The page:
On Motive

In 2005, psychologists Reeder, Pryor, Wohl, and Griswell published a study about the attribution of motive that was featured in the November issue of Personality & Social Psychology Bulletin. They decided to use a then-current hot-button issue as a central part of the study in order to draw out people’s most authentic emotion. They asked American and Canadian citizens whether they agreed or disagreed with the war in Iraq. This established their political leanings that would set the study up for the follow-on question. They then asked what President Bush’s motives were for initiating the war in Iraq. Consistent with the proposed bias, respondents who disagreed with the war attributed more selfish motivations than did those who supported the war. Oil. Revenge for his father. Personal vendetta… Etc. 

This may seem like an obvious foregone conclusion, but it illuminates a divisive force in our political rhetoric: the attribution of motive to people whose opinions we disagree with. Attributing Motive is the preppy private Christian schooled cousin of the Strawman argument. It allows us to moralize issues by attaching corrupt and morally bankrupt rationale to our opponents. If you oppose illegal immigration, and I call you a xenophobic racist, I’ve just attributed a corrupt motive. If I oppose massive influxes of refugees from war-torn nations, and you say I’m a heartless pig, you’ve just attributed motive.

Attributing motive allows you to side-step the legitimate, logical issues on the table (may they be economic, cultural, legal, etc.) by placing yourself on a moral high-ground. If you “refuse to argue with racists” and simultaneously, “everyone who supports border enforcement is a racist” then you’ve effectively refused to engage in any intellectual discussion with people who support border enforcement. This is intellectually lazy. And the worst part is, people who are complicit in this kind of logic believe themselves to be on a higher moral plane. In actuality, their moral plane is so high that it coincidentally doesn’t include any opposing arguments.

This fallacious thought process has contributed to intellectually dishonest discussions across social media. Calling someone a misogynist is easier than listening to their arguments against modern feminism. Framing someone as on the side of either “Good” or “Evil” washes your hands of the responsibility of actually having to engage in productive discourse. Everyone is either a Templar or a Muslim in a moral crusade as opposed to people seeking truth through open discussion. And so you see the result in the comments sections. One person states an opinion, well-reasoned or not. The next person attributes the corrupt motive rather than engaging with the argument in a civilized fashion. And before long, you have a bunch of racist, snowflake, stupid, xenophobic, trolls.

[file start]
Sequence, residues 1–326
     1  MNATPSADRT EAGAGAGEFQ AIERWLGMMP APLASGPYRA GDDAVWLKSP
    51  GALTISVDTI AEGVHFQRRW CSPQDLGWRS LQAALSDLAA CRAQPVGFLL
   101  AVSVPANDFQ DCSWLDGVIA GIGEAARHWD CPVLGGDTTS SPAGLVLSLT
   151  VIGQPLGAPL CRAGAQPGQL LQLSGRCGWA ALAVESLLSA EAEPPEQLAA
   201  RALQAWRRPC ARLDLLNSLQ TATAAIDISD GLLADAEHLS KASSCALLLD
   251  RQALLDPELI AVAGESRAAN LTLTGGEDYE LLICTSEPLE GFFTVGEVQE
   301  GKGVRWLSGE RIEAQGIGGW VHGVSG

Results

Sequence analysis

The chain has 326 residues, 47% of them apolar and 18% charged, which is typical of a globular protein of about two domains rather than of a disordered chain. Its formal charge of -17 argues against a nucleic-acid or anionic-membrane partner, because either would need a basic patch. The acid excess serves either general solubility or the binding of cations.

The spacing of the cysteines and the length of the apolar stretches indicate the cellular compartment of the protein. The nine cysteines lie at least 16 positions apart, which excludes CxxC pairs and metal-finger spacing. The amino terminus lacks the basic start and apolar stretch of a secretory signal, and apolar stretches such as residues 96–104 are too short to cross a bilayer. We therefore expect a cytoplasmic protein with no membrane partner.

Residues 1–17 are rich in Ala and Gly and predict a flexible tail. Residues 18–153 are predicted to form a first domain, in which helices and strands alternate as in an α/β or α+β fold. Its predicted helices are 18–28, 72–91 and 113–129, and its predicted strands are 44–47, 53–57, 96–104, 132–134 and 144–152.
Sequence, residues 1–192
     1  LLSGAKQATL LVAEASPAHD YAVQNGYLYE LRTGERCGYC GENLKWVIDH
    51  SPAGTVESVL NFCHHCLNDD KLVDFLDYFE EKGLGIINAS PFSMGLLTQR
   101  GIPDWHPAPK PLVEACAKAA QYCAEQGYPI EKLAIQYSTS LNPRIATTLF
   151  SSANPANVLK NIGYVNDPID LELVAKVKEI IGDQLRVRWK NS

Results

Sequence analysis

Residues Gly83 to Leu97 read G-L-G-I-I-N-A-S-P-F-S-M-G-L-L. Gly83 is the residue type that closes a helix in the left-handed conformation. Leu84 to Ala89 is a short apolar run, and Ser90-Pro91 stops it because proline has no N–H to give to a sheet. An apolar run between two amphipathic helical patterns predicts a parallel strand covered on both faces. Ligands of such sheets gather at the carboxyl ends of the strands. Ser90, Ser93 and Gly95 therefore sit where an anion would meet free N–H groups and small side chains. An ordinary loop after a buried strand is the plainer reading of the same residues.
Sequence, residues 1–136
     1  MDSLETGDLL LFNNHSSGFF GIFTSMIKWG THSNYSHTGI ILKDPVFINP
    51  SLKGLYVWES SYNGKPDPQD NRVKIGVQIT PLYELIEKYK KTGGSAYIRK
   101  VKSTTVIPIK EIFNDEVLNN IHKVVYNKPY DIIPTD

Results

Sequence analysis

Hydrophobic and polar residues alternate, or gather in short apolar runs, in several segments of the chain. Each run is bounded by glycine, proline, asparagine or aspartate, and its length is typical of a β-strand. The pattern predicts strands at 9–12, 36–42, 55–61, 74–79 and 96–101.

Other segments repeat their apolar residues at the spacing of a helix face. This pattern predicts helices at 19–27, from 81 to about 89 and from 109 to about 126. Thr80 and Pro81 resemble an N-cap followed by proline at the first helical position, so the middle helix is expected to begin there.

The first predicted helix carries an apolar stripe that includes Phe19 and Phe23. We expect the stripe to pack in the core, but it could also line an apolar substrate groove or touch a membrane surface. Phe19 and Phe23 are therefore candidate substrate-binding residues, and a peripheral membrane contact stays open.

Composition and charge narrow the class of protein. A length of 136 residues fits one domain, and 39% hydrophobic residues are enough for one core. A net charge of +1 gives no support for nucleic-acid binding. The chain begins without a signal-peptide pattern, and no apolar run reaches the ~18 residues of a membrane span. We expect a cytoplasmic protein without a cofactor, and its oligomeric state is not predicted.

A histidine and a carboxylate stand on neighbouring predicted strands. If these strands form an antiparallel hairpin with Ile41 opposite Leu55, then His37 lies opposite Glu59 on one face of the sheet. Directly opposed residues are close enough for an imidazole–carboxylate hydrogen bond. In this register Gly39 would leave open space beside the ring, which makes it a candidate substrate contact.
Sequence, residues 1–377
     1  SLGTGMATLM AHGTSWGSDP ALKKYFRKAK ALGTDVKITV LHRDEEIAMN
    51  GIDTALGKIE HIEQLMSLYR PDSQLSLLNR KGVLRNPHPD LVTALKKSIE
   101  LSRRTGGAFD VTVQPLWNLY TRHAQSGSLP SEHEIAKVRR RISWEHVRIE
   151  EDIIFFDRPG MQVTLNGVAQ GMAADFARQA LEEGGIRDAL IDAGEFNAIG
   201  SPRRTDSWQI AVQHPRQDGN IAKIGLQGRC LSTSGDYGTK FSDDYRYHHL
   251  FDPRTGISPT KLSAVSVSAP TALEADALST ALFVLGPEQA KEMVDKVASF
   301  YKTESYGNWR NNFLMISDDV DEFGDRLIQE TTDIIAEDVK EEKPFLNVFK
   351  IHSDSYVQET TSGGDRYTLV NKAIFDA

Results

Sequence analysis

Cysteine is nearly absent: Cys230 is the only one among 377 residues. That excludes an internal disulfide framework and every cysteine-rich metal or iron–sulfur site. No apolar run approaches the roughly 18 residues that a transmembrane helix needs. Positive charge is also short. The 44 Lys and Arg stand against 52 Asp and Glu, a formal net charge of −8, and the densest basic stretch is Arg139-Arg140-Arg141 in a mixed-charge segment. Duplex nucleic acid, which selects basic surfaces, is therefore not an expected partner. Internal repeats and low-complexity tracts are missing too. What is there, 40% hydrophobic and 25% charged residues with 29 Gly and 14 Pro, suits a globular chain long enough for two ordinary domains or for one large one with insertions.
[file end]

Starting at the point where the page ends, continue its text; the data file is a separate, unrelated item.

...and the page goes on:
The Comments Section is just a more honest documentation of our thoughts. Culturally, the Comments Section has pervaded our lives. We don’t want to associate with people who disagree with our opinions because we have already attributed a level of incompetence and immorality to their motives. Extrapolate this to the national level and you have two polarities, completely disassociated, unwilling to take a step towards one another.

Coming back from this will be difficult. I’m not of the opinion that there is a point of no return in public discourse, but I’m under no illusions that it won’t take a significant cultural shift. It will start with the personal fight, as it does for all of us, so I conclude with the following proposals:

  1. Don’t engage online with people you don’t know – This invites you to attribute motive because you don’t have a track record of their character.
  2. Attack arguments not people’s character – Even the evilest creature on the face of this cold rock could have a sound argument. Simple people barter in morals and absolutes. Intelligent people barter in ideas.
  3. If a positive motive can be supplied instead of the negative, supply the positive – Make an effort to frame others in an intelligent and morally sound light.
  4. Seek Truth for Truth’s sake – This was one of Benjamin Franklin’s “3 Questions” he used to identify the people he would keep in his closest circle. It represents a purity of motive that will help combat your own personal bias, as well as navigate others’ biases.

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